The group leads the design phase of the European Solar Telescope (EST) in close collaboration with several european institutions.
European Solar Telescope: Progress status
In this paper, the present status of the development of the design of the European Solar Telescope is described. The telescope is devised to have the best possible angular resolution and polarimetric performance, maximizing the throughput of the whole system. To that aim, adaptive optics and multi-conjugate adaptive optics are integrated in the optical path. The system will have the possibility to correct for the diurnal variation of the distance to the turbulence layers, by using several deformable mirrors, conjugated at different heights. The present optical design of the telescope distributes the optical elements along the optical path in such a way that the instrumental polarization induced by the telescope is minimized and independent of the solar elevation and azimuth. This property represents a large advantage for polarimetric measurements. The ensemble of instruments that are planned is also presented.
Light distribution system. Dichroic beam-splitters are indicated with squares and intensity beam-splitters with inclined lines crossing the light beam. The numbers at the side of the latter indicate approximate reﬂection/transmission percentages for an adequate illumination of all channels.
Compressive sensing for spectroscopy and polarimetry
We demonstrate, through numerical simulations with real data, the feasibility of using compressive sensing techniques for the acquisition of spectro-polarimetric data. This allows us to combine the measurement and the compression process into one consistent framework. Signals are recovered using a sparse reconstruction scheme from projections of the signal of interest onto appropriately chosen vectors, typically noise-like vectors. The compressibility properties of spectral lines are analyzed in detail. The results shown in this paper demonstrate that, thanks to the compressibility properties of spectral lines, it is feasible to reconstruct the signals using only a small fraction of the information that is measured nowadays. We investigate in depth the quality of the reconstruction as a function of the amount of data measured and the inﬂuence of noise. This change of paradigm also allows us to deﬁne new instrumental strategies and to propose modiﬁcations to existing instruments in order to take advantage of compressive sensing techniques.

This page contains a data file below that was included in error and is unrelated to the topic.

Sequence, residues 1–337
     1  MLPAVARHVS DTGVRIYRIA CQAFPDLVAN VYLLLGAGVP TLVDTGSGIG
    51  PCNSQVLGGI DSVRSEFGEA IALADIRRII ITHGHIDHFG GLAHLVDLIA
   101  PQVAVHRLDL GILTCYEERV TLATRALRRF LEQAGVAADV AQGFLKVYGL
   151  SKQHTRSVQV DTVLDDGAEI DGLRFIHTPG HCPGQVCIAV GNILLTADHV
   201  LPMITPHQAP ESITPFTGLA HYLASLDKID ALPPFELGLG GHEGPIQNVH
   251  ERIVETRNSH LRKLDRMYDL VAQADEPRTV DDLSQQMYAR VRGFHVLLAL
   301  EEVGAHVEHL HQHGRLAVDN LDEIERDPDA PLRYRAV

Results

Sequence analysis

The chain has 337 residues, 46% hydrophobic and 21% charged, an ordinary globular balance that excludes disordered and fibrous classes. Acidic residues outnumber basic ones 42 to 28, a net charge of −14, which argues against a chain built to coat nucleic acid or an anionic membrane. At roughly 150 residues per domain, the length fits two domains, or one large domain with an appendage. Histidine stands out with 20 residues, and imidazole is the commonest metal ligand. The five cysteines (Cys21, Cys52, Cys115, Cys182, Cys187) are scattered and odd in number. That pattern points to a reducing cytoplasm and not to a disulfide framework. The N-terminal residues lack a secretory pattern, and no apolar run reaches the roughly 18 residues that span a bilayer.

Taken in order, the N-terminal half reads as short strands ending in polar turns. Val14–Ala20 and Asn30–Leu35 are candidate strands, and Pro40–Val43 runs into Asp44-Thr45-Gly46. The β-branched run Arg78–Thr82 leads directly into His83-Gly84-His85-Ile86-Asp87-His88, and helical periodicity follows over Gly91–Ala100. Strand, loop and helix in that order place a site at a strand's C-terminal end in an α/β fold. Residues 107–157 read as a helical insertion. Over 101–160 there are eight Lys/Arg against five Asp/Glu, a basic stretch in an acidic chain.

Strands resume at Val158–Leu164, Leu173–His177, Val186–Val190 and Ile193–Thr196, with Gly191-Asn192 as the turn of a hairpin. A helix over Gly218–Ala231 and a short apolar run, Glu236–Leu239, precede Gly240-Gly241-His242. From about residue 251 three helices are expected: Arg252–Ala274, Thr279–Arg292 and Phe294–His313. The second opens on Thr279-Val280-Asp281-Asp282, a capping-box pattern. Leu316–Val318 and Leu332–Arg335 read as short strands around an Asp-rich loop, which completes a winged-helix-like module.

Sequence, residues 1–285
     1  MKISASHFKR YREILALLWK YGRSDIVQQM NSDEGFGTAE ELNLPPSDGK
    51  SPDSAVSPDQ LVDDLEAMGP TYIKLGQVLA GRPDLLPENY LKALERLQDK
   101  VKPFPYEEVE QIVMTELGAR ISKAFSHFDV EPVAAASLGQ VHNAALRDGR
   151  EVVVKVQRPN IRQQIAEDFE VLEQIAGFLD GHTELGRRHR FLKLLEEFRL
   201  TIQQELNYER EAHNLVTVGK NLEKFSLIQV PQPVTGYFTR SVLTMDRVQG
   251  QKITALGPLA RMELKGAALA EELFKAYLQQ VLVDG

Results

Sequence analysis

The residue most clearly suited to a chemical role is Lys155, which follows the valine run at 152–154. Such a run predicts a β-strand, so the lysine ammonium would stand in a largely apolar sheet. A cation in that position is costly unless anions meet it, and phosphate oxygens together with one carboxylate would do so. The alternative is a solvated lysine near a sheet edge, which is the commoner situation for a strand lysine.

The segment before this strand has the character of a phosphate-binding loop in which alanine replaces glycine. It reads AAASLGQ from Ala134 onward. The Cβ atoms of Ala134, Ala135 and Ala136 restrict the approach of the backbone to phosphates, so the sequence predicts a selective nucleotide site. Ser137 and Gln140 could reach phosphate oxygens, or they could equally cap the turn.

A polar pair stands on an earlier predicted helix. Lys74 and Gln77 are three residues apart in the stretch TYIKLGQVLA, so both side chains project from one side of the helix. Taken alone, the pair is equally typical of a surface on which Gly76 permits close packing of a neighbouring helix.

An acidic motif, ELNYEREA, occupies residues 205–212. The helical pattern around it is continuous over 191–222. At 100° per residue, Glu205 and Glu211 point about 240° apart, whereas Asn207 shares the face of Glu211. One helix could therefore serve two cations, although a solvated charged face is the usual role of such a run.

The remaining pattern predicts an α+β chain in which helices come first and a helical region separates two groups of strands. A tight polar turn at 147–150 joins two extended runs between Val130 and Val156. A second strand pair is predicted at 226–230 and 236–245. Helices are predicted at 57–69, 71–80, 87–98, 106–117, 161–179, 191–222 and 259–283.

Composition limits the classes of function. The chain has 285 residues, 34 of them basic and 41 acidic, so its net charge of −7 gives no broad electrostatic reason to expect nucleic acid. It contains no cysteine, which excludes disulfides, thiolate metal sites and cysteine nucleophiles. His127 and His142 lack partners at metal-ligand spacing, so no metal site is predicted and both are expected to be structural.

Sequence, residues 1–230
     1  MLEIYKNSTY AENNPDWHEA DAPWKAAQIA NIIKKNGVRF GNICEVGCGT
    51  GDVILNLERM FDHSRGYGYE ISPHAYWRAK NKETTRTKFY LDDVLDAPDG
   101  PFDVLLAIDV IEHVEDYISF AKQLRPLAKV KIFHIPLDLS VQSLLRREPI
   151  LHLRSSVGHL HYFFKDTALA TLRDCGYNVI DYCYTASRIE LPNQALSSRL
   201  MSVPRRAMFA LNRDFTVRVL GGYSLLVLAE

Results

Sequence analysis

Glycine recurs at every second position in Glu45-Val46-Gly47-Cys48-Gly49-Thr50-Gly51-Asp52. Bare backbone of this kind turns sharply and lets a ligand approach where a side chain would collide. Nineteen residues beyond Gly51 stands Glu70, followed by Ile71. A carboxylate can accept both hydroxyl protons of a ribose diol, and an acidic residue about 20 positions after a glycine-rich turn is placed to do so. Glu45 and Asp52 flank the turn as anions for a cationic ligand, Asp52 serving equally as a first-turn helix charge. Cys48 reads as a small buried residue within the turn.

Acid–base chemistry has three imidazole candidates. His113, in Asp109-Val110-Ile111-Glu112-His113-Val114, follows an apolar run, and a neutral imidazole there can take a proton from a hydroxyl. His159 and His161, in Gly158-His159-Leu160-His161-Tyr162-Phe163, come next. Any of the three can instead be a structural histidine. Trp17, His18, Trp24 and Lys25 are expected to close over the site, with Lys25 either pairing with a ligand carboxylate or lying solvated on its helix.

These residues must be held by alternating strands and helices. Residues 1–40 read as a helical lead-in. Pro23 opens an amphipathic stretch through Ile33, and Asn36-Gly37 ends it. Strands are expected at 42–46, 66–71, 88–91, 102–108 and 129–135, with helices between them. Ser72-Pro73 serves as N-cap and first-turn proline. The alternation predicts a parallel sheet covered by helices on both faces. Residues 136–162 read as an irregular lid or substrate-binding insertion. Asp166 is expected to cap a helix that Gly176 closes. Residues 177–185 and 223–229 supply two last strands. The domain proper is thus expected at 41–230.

Example showing how reliable reconstructions of high-resolution signals can be obtained from rebinned data, provided that the signal is considered to be compressible. The upper panel shows the original (black) and reconstructed proﬁles using 1/2 (red) and 1/4 (blue) of the original resolution. The data is reconstructed with 5 PCA eigenvectors of a universal basis set. The lower panel shows the measurements from which the reconstructions are obtained. The original signal is shown in black, while red and blue lines show measurements rebinned to 1/2 and 1/4 of the original resolution.